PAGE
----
Jan. 24, 2018
Fr. Robert Keffer, O.S.B., a monk of Saint Vincent Archabbey and director of the Saint Vincent Gallery will present an art lecture and Power Point presentation at 7:30 p.m. Thursday, Feb. 1, in the Luparello Lecture Hall in the Sis and Herman Dupré Science Pavilion on the campus of Saint Vincent College. The talk is titled, “The Chiaroscuro of God: Light and Shadow, Sin and Redemption in the Sacred Art of Michelangelo Merisi Di Caravaggio.” Admission is free and open to the public. Refreshments will follow the lecture.
Keffer’s talk will explore the use of light and shadow, known as chiaroscuro, in the religious works of the Baroque Italian artist Caravaggio. He will discuss not only the technical aspects of Caravaggio’s paintings but their deep spiritual significance as well.
“Caravaggio was not only an artist of personal and profound imagery but he acts as visual window to Catholic Counter Reformation theology, the turbulent religious and political atmosphere of 16th century Italy, and the conflicts between official religious art and the spiritual needs and artistic tastes of the common people,” Keffer commented.
Keffer believes that the dramatic use of light and dark found in Caravaggio’s work is indicative of the artist’s own mental and spiritual anguish, as well as the artistic representational tension between flesh and spirit, sin and salvation, and life and death.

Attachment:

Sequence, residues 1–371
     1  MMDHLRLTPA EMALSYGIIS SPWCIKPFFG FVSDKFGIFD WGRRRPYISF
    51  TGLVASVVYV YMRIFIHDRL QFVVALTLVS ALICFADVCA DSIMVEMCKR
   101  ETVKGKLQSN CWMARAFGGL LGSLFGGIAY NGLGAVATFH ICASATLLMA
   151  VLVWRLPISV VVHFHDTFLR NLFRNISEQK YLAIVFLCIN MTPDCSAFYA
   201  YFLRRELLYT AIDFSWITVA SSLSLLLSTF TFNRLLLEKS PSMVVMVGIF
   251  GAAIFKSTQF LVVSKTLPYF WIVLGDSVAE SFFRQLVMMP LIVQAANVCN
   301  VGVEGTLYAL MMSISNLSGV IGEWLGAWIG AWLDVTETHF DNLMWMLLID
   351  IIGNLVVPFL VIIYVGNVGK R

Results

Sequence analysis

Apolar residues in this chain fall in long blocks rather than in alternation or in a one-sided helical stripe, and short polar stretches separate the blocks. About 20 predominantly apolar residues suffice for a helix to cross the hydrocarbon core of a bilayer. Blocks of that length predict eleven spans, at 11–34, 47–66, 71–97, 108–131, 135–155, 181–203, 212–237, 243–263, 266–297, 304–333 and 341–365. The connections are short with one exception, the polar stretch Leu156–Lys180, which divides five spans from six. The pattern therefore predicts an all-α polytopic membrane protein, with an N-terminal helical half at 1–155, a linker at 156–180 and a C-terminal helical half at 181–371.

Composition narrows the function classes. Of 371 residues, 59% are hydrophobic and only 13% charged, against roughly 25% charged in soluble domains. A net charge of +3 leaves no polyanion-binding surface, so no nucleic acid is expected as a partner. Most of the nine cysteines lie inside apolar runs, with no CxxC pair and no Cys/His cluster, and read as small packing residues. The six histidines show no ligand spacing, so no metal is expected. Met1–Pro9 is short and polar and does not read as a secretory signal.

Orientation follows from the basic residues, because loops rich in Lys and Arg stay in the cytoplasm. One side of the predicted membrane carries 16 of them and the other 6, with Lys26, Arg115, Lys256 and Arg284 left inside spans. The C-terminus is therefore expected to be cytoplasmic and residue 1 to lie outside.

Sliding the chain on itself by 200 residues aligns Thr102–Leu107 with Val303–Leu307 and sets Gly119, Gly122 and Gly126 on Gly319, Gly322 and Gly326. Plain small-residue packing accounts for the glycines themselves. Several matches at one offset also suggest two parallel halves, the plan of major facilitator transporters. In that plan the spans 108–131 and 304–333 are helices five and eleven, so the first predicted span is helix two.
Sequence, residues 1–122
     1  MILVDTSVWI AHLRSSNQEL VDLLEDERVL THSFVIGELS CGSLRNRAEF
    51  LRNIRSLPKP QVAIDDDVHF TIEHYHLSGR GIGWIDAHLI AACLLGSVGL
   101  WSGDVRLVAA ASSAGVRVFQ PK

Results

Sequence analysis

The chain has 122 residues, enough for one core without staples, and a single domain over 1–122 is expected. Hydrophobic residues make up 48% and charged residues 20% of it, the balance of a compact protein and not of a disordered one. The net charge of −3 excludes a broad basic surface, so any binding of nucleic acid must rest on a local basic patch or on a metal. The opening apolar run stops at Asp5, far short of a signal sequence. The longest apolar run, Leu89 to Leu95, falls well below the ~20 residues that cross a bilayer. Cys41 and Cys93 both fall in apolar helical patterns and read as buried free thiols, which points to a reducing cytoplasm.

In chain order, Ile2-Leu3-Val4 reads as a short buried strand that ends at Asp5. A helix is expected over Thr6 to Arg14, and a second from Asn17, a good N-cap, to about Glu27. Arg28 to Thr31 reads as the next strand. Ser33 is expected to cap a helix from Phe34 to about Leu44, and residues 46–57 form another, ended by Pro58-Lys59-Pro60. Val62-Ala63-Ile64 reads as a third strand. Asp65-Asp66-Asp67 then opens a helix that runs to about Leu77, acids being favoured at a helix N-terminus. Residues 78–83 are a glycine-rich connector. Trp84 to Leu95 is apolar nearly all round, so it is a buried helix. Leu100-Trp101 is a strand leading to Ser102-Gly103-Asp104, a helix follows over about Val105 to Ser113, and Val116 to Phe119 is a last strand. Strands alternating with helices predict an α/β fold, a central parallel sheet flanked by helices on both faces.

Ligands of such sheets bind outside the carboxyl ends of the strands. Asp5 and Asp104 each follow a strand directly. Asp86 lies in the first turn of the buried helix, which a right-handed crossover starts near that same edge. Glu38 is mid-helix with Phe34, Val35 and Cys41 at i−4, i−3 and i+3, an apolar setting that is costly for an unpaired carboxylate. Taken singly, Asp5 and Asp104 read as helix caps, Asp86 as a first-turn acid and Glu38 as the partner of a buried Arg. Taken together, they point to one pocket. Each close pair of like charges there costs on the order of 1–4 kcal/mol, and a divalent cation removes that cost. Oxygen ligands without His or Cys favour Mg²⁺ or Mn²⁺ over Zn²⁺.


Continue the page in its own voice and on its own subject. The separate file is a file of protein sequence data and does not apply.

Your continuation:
“Although receiving many important church commissions, Caravaggio was often at odds with the artistic standards set by the Council of Trent; and many of his most famous works caused scandal,” Keffer said. “Caravaggio’s own life was shadowed by illness, notoriety, violence and death. Always irascible and choleric, he was guilty of murdering a compatriot during a duel. He preferred the company of street people, thieves and prostitutes to cardinals and princes. He was imprisoned on the Island of Malta, escaped, continued his career under great emotional duress in Sicily and then died under mysterious circumstances on his return to Rome. Yet, this man whose life was less than holy is one of the most beloved and respected artists of the Catholic faith. Caravaggio’s dark shadows and sober style always led to the dramatic light that only Christ’s redemption can give. It is fitting that this lecture will occur on the eve of the Feast of the Presentation, where we leave the darkness of winter and come closer to spring, and the Catholic church celebrates the coming of the light of Christ into the world.”
This lecture will be of interest not only to artists and art lovers, but to anyone interested in how art intersects with theology, philosophy and history.
Keffer is a painter and art lecturer who serves as a chaplain at Excela Health Latrobe Hospital, and is sacramental minister to St. Michael’s and St. Mary’s Catholic Churches in West Salisbury. He plans to continue his artistic education at the Savanah (Georgia) School of Art in the fall.
Photo: Fr. Robert Keffer, O.S.B.
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